ANN ARBOR – Starting on Friday, Michigan Medicine will enact heightened restrictions on visitors as COVID-19 cases and hospitalizations surge across the state.
Similar to its restricted visitor policy in the early months of the pandemic, no visitors will be allowed for adult patients, unless medically necessary.
Chief medical officer at Michigan Medicine, Jeffrey Desmond, said the measure is being taken to reduce the risk of spreading the virus to hospital patients and staff.
“At Michigan Medicine, we’ve seen our COVID-19 hospitalizations rise, doubling in the last few weeks to 68 patients today,” Desmond said in a statement. “We have also seen rising rates of COVID-19 in the surrounding communities and rising rates of positive tests.
“The safety of our patients and staff is our top priority, along with doing what we can to minimize the spread of disease. Restricting visitors is not something we do lightly because we know this is difficult for our patients and their families and friends. But this step will help us slow the spread and help keep all of our Michigan Medicine facilities safe for everyone.”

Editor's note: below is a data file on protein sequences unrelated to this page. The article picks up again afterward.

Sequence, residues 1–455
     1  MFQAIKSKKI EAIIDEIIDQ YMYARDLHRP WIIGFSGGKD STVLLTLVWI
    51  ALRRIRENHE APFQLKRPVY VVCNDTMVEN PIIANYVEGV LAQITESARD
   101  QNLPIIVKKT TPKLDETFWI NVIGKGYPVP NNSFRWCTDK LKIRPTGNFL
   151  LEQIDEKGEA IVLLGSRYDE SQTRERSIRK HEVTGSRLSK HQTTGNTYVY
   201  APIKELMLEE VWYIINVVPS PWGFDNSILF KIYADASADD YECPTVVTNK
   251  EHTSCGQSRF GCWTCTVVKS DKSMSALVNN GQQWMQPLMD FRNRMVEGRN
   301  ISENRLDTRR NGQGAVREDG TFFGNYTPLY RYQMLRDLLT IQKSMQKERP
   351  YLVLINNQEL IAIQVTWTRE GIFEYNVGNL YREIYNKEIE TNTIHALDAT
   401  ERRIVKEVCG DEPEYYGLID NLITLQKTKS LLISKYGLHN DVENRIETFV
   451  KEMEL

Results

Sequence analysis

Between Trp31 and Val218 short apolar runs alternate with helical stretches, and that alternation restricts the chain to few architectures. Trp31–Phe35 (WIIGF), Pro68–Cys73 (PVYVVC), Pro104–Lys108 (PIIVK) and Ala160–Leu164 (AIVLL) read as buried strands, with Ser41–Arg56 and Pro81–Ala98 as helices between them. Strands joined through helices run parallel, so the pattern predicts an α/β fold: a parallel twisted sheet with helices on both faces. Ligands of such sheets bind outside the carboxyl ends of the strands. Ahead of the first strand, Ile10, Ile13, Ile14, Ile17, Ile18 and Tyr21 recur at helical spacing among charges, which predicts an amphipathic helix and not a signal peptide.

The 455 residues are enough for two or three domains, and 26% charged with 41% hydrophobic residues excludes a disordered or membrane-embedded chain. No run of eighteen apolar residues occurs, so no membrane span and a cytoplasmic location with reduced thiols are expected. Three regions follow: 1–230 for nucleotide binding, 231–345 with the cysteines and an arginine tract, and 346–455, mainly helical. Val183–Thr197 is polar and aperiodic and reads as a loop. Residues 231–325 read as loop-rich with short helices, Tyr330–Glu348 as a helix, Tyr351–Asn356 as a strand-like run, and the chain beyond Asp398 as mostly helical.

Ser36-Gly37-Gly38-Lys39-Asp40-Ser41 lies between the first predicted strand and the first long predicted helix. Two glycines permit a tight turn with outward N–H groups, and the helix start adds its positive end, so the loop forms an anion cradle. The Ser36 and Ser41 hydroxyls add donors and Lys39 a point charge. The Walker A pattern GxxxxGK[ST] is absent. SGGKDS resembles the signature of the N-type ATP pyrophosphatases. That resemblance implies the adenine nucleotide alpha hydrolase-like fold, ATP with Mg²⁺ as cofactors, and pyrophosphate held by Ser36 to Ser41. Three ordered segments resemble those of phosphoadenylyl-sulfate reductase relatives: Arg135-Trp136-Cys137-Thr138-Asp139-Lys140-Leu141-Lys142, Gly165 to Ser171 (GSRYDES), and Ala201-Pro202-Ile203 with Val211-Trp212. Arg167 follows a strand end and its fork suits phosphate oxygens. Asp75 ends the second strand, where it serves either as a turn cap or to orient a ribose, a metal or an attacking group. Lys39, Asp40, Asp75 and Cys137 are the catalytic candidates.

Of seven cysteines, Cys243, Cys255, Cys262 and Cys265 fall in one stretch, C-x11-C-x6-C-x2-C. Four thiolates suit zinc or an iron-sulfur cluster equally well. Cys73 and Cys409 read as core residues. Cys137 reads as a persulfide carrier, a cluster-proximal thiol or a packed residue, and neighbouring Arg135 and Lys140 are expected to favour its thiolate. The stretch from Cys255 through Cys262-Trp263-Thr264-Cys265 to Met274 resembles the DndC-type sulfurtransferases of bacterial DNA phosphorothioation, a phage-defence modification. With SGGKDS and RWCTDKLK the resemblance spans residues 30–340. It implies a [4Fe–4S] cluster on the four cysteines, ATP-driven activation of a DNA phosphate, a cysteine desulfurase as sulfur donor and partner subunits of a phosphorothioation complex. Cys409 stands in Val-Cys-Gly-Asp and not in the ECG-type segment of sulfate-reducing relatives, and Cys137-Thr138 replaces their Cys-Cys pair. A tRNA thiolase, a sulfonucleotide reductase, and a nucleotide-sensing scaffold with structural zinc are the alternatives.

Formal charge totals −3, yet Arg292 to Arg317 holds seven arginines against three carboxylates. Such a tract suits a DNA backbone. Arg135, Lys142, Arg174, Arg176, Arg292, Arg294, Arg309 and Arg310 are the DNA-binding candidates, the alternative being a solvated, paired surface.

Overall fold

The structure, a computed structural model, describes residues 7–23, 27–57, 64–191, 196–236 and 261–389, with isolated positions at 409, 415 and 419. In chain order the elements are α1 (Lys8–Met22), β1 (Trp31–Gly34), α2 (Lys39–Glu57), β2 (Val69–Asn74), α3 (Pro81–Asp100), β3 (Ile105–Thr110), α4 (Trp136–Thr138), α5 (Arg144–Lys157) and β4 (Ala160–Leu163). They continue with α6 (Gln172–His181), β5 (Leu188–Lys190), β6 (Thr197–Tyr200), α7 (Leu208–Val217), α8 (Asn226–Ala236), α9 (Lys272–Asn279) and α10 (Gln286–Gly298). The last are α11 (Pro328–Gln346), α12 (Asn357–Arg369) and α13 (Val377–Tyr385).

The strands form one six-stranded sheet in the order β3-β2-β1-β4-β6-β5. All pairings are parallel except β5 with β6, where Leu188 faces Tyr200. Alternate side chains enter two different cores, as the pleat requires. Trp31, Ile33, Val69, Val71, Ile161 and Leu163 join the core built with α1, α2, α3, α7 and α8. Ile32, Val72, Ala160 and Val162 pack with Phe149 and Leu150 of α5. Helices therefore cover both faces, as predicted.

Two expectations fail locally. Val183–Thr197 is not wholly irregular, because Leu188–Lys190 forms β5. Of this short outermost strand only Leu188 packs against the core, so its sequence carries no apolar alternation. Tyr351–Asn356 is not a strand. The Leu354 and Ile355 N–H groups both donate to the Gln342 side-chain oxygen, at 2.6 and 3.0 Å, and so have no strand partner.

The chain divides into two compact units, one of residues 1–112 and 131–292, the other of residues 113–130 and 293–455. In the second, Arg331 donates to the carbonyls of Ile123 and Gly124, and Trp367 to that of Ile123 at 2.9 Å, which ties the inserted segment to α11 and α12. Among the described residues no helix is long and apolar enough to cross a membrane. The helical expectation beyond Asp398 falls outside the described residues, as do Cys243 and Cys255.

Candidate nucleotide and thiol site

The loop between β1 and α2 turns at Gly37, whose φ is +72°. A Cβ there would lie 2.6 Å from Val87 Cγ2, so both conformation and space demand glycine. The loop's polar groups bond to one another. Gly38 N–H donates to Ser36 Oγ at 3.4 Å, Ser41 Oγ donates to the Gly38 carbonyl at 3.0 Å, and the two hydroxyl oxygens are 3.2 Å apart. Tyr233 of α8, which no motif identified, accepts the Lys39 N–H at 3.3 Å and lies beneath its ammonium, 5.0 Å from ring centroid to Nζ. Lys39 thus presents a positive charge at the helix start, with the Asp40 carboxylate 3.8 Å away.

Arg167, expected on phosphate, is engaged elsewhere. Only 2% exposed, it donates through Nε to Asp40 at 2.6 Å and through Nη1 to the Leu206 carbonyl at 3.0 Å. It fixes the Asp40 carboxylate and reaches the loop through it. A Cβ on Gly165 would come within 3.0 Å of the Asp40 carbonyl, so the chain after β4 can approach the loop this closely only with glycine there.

Some exceptions apply for end-of-life and patients in labor and delivery.
To check Michigan Medicine’s visitor policies, click here.
Currently, the visitor policy for pediatric patients remains the same with two parents or caregivers allowed. One primary caregiver is allowed for pediatric clinic and outpatient care, unless an additional aide is required.
No visitors will be allowed for adult patients in ambulatory care clinics unless the patient has a physical or cognitive impairment that requires another accompanying adult.
The current visitor policy for outpatient surgery and procedural areas remains unchanged.
Visitors are required at all times to wear masks that cover their nose and mouth at Michigan Medicine, even if they have already received a vaccine against COVID-19. Those who refuse to wear masks in all areas, including patient rooms, will not be permitted to stay.
Patients who can tolerate a face covering must wear one in the presence of health care workers and visitors. Emergency Department patients must wear a face covering at all times.
Desmond emphasized the importance of getting vaccinated against COVID-19, and urged everyone to seek out all possible options to receive the shot.
“All vaccines are reducing serious disease, hospitalization and death,” Desmond said in a statement. Every shot counts. If you are not yet vaccinated, please consider getting your vaccine as soon as possible. We need to work together to stop the spread.”